Resolving Quine's Confict: A Neo-Quinean View of the Rational Revisability of Logic

  • Amanda Bryant CUNY Graduate Center

Abstract

There is an apparent conflict in Quine’s work between, on the one hand, his clear commitment to the rational revisability of logic and, on the other, his principle of charitable translation and ‘change of logic, change of subject’ argument.  I argue that the apparent conflict is mostly resolved under close exegesis, but that the translation argument normatively rules out collaborative revision and allows only revision by individuals. However, I articulate a Neo-Quinean view that preserves the rational acceptability of collaborative revision. On that view, everything is rationally revisable in some manner or other — it’s just that the logical principles that laypersons find (actually or potentially) obvious and tacitly use to govern their everyday inferences can’t be rationally revised quickly and all at once. Since, in Quine’s view, what most people find obvious resists change, rational changes to laymen’s logic must be gradual.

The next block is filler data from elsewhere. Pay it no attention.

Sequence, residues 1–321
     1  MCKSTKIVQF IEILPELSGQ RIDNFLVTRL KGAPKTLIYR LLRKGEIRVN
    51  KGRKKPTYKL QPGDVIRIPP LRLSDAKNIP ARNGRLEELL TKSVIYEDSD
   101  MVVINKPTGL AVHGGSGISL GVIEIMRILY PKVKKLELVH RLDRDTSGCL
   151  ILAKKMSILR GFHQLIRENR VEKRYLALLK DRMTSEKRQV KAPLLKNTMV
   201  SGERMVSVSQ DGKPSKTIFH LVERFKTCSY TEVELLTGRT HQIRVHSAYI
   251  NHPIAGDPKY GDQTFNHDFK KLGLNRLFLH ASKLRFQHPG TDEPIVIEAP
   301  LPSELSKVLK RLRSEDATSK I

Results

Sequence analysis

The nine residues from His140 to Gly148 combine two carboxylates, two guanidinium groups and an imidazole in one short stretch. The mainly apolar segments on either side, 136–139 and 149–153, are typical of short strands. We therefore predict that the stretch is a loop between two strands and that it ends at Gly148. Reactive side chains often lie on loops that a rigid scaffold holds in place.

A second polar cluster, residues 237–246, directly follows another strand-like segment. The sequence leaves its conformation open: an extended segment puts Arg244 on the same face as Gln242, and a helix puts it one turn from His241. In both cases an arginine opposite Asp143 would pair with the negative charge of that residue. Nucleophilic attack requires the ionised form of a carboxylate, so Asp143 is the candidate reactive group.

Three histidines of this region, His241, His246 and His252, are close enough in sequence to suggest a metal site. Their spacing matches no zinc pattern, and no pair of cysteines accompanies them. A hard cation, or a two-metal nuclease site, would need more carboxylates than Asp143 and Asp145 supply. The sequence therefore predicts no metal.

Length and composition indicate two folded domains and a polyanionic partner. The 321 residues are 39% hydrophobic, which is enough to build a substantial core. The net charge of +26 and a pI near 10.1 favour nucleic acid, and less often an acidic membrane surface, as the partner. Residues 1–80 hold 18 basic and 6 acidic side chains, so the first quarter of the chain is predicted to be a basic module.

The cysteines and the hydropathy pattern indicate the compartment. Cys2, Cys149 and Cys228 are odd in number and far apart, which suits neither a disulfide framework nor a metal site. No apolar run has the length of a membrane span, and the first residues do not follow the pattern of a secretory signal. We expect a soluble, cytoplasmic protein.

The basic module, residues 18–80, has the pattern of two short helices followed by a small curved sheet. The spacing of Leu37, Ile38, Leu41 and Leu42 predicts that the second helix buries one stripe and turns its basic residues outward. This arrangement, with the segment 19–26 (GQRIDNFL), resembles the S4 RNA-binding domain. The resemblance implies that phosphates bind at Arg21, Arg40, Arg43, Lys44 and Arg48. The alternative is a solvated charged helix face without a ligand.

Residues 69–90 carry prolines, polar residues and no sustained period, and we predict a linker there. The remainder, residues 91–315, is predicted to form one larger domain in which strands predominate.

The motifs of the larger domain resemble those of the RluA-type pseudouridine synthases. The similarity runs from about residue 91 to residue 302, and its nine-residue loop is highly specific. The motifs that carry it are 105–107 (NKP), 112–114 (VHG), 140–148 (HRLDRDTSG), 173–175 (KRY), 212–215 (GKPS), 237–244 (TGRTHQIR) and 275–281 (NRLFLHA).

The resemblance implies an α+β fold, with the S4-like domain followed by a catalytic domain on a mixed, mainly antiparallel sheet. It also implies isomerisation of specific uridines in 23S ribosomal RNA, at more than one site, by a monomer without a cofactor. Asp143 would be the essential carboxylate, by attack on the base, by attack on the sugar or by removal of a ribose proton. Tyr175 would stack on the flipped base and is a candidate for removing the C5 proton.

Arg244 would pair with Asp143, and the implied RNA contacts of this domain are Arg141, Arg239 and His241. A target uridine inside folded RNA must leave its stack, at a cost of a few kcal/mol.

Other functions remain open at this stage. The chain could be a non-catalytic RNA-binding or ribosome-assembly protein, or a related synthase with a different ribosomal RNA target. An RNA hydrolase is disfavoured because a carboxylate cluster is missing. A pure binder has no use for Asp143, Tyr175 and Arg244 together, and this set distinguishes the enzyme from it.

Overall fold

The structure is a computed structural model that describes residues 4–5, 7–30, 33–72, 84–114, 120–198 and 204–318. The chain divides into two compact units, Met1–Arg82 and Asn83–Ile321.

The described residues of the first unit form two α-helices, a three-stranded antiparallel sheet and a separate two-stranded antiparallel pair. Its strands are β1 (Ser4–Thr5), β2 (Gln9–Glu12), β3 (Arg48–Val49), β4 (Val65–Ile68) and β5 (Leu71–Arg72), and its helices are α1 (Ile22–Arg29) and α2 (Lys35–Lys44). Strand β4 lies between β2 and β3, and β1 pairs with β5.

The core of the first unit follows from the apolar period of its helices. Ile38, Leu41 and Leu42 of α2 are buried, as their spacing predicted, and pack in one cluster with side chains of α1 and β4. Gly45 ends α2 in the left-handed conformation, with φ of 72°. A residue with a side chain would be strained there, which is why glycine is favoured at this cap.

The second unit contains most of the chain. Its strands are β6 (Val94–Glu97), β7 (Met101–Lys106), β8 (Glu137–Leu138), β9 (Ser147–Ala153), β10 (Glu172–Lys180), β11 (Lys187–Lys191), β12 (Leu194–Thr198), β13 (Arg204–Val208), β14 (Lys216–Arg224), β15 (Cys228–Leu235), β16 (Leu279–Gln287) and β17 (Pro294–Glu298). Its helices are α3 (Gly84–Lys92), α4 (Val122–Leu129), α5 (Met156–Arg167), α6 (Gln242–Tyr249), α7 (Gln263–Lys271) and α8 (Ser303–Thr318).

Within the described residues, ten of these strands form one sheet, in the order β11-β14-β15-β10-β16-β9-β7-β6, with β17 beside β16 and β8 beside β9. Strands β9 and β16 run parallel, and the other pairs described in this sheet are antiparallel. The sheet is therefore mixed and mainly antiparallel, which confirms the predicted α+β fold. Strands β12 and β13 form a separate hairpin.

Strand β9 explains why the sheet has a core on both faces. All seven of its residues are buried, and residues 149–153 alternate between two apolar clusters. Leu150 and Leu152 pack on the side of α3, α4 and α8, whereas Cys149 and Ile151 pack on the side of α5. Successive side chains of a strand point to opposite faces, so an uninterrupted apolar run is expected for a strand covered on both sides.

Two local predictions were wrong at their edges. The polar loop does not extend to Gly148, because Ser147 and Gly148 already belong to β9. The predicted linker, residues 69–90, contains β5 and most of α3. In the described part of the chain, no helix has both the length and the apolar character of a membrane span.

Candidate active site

Published
2017-04-11
How to Cite
BRYANT, Amanda. Resolving Quine's Confict: A Neo-Quinean View of the Rational Revisability of Logic. The Australasian Journal of Logic, [S.l.], v. 14, n. 1, apr. 2017. ISSN 1448-5052. Available at: <https://ojs.victoria.ac.nz/ajl/article/view/4026>. Date accessed: 21 sep. 2019. doi: https://doi.org/10.26686/ajl.v14i1.4026.